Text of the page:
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Order and Chaos in Samuel Beckett’s Not I and J.H. Prynne’s Not-You

- Jon Clay

 

Language produces order. As Gilles Deleuze and Felix Guattari say, in A Thousand Plateaus, “Language is made not to be believed but to be obeyed, and to compel obedience” (Deleuze and Guattari, TP 76) and, to this end, it is composed of order-words. Although Deleuze and Guattari’s declaration emphasizes an imperative force of language, order-words need not be imperative as such; this is clear from any everyday enunciation. Rather, language not only gives orders, it produces order. It does this in any number of ways, from the repetition of cliché to the reliance of signification on convention for its operation.

However, language can also produce a sense of chaos or an encounter with the chaotic; a literary or enunciative practice that disrupts convention or reveals language beyond signification is a practice that both draws on chaos and, to an extent, releases chaos, even if it also produces a new order. This is, in particular, characteristic of modern literature and modern poetry. In A Thousand Plateaus, Deleuze and Guattari write of classical art as that which organises chaos and creates order (Deleuze and Guattari, TP, 338-340), and of romantic art as ‘deepening itself’ via ‘the forces of the earth or the people’ (Deleuze and Guattari, TP 340-342). They write, however, of modern art as ‘cosmic’, saying that it ‘no longer confronts the forces of chaos … but instead opens onto the forces of the Cosmos.’ (Deleuze and Guattari, TP, 342). 1  This opening onto the forces of the cosmos is also an opening onto chaos insofar as such forces are beyond the tendency of language to produce order and to subsume ‘the things themselves’ under the presuppositions that language is itself always composed of (Agamben, P, 33). Further, in What is Philosophy? Deleuze and Guattari claim that an opening onto chaos is definitive of poetry per se, let alone modern poetry:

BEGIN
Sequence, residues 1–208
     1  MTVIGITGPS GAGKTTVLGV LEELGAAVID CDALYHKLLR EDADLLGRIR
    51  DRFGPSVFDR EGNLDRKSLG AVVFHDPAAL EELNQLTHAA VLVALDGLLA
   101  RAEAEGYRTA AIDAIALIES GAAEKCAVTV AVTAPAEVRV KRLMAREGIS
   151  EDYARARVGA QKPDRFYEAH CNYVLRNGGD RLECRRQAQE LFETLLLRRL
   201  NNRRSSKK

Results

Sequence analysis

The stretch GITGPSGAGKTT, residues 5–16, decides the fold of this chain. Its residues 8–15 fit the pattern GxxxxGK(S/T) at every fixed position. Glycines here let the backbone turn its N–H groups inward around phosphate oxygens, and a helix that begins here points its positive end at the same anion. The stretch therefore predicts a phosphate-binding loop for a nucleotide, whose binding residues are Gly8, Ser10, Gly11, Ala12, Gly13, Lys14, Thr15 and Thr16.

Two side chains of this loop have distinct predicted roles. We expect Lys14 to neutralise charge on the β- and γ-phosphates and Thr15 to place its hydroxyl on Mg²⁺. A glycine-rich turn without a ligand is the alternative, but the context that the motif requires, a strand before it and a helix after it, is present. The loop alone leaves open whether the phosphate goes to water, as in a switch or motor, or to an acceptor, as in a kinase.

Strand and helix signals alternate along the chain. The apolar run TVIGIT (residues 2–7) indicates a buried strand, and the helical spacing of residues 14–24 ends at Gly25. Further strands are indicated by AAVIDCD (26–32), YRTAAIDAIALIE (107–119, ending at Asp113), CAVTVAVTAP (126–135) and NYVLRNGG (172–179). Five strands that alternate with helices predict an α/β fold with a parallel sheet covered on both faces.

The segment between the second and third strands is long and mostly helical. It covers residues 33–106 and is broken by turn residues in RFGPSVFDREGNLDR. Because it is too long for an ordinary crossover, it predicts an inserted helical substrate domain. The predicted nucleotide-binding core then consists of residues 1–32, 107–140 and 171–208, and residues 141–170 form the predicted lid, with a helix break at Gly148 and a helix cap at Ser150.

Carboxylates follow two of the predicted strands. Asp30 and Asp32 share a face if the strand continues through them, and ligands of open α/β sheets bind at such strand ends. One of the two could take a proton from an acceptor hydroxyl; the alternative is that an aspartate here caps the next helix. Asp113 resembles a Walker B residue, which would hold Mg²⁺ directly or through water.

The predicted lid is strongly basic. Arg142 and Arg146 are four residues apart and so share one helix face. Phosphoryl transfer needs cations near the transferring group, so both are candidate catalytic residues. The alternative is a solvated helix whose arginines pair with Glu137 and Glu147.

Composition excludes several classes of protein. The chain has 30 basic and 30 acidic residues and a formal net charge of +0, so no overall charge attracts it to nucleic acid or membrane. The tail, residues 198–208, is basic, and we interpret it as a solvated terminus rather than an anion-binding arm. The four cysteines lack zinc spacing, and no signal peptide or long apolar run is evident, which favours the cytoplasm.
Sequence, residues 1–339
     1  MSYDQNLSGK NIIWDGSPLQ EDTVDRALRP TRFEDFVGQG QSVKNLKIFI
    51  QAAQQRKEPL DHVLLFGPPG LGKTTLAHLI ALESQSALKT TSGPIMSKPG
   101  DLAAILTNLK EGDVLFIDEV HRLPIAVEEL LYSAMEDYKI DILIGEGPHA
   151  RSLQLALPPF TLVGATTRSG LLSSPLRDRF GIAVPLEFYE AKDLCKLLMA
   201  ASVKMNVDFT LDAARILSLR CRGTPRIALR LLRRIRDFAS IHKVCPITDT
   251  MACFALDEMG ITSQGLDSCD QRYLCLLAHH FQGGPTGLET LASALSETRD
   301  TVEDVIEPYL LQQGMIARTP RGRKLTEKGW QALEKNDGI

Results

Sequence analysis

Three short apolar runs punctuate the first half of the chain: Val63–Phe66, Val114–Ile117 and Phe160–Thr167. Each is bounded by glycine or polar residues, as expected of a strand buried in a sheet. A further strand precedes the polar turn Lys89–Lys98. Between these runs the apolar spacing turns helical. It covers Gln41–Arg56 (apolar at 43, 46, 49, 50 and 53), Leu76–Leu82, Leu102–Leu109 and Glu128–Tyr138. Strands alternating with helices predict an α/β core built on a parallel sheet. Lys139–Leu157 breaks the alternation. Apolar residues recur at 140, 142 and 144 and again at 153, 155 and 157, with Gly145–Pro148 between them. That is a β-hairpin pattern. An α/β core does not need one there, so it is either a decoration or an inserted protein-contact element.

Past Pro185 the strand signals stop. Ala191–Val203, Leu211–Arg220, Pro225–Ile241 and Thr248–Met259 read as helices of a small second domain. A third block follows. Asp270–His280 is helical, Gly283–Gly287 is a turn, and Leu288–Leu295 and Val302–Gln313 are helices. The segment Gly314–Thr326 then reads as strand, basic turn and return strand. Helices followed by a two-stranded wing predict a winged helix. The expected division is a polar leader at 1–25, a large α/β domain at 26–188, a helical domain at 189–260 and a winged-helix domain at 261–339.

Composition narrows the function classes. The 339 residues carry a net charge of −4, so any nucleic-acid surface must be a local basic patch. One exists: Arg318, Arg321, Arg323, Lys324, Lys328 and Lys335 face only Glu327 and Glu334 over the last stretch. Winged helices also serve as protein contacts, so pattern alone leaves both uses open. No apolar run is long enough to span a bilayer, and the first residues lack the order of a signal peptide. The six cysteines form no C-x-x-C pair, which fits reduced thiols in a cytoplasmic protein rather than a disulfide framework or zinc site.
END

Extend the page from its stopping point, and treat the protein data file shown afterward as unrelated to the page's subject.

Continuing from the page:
In a violently poetic text, Lawrence describes what produces poetry: people are constantly putting up an umbrella that shelters them and on the underside of which they draw a firmament and write their conventions and opinions. But poets, artists, make a slit in the umbrella, they tear open the firmament itself, to let in a bit of free and windy chaos and to frame in a sudden light a vision that appears through the rent … artists struggle less against chaos (that, in a certain manner, all their wishes call forth) than against the “clichés” of opinion. (Deleuze and Guattari, WP, 204)

I intend to look into the relationship between order and chaos in poetic texts (though one is also a dramatic text) by writers of, to use a term of importance to Deleuze and Guattari, great sobriety and control in their uses of language but who nevertheless draw chaos into their works with enormously powerful effect.

Samuel Beckett’s Not I presents, on one level, an ambiguous attempt to produce order:

was on the point . . . after long efforts . . . when suddenly she felt . . .
gradually she felt . . . her lips moving . . . imagine! . . her lips moving!
(Beckett 379)